Zones: Placement: What systems, data, and people go in which zones and subzones?
Options:Option 1: Put systems with like data together and people with like jobs together.
Option 2: Put systems with similar risk profiles together and people who have to use those systems together.
Option 3: Put systems with similar communications requirements together.
Option 4: Limit subzone content based on management specified risk management thresholds associated with the protective measures in use.
Basis:Put systems with like data together and people with like jobs together.
Putting people and data with similar people and data implies that all people with similar jobs and data with similar characteristics require the same level of protection. This is probably a poor assumption for two reasons. The first reason is rather obvious, the same data is used by different people for different purposes, and some of those purposes are far mare critical to the business than others. The second reason is that it defies the notion of separation of duties. Audit information, control information, and submit and commit cycles associated with high valued operations should all be separated, and that is the purpose of zones. Putting like with like within partitions that provide separation is feasible, convenient, and commonly done. However; if separation is only based on projects or business functions, this approach is the only realistic one to use.
Put systems with similar risk profiles together and people who have to use those systems together.
Putting systems with similar risk profiles together is sensible because the risk profile is what should be driving the protection profile. As a matter of efficiency, it is easier to put one instance of a protective measure in place than multiple instances of the same barrier. But this is problematic because (1) similar risk profiles do not mean identical configurations of protective mechanisms, and (2) as risk levels increase separation becomes required for disaggregation. The former problem is very damaging in this approach since the very limits placed on protocols for one application may have to be violated for another. Integrity may be critical for one application while availability is more important to another. Thus risk level alone cannot be used as a basis for separation. However, similar risk level should lead to similar surety requirements on protective measures.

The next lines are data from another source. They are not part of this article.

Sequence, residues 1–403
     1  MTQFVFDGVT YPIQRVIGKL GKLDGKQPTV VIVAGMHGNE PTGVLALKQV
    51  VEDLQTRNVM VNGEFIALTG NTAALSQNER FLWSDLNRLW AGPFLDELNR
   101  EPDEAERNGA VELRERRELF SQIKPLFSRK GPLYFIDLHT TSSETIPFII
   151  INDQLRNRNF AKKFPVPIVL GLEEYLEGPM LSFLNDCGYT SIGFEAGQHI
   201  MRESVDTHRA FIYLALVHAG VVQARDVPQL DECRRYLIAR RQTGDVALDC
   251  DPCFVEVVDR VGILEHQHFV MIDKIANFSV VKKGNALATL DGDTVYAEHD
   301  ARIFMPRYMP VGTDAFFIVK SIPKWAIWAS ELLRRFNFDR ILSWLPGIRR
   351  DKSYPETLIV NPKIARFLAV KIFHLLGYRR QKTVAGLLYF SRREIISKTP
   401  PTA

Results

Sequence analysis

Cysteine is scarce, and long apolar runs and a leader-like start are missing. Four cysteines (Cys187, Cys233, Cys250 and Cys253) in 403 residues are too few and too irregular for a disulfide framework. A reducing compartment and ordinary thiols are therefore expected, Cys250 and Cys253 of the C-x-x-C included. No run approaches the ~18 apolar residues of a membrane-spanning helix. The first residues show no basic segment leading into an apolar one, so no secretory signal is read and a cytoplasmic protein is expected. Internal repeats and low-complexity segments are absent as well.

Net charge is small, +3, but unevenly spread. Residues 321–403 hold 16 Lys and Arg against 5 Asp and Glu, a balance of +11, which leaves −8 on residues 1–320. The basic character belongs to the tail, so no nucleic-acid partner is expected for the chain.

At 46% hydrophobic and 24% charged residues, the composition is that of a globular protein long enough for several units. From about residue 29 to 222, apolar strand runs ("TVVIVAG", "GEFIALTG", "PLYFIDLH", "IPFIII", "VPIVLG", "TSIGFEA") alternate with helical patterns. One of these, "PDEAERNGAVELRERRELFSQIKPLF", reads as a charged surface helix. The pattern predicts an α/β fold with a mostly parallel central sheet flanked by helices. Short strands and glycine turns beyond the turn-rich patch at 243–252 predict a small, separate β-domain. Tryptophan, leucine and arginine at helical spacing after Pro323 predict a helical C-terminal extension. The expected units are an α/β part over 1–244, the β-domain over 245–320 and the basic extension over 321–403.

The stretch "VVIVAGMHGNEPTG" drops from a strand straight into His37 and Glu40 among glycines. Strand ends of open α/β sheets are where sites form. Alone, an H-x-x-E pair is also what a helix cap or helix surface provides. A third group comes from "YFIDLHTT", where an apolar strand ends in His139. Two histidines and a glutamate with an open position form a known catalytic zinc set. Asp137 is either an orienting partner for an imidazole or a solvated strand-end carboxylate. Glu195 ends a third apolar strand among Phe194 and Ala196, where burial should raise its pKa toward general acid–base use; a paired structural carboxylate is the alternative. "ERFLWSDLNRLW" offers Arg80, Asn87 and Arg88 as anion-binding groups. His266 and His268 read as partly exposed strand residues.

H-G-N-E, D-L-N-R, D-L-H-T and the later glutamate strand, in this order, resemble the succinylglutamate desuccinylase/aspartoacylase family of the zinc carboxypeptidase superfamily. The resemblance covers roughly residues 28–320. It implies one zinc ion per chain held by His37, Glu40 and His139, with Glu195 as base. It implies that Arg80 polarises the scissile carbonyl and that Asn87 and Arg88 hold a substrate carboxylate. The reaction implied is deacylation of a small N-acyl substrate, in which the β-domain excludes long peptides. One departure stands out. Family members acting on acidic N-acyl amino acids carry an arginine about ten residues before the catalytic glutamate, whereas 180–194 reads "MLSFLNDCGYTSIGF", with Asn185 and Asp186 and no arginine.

Put systems with similar communications requirements together.
The basis of the layered architecture is what communicates with what. The structure commonly identified in generic terms for large enterprise zoning is based on business sensitivity with increasing numbers of better barriers between increasingly sensitive content and larger volumes of content. In addition, parallel separation of control and audit is used. The particular structure and placement identified here, or a variation on it, is often used in large enterprises as a first level approach to placement because it simplifies management by consolidating requirements and mechanisms. While it sacrifices some surety it does so at substantial cost savings over a component-at-a-time approach. Within this structure, additional structure of the sorts described by the other options is important and should be implemented.
Limit subzone content based on management specified risk management thresholds associated with the protective measures in use.
Risks should be disaggregated above some threshold in every enterprise. Whether it is keeping a backup copy of critical financial data for a small business or requiring separation of duties for large financial transactions for a large enterprise, it is necessary for management to make a determination of how much risk they are willing to group together under common failure modes and what scenarios they are willing to allow to destroy the entire business or what portion of it. However; in a non-zoned architecture, this is not feasible.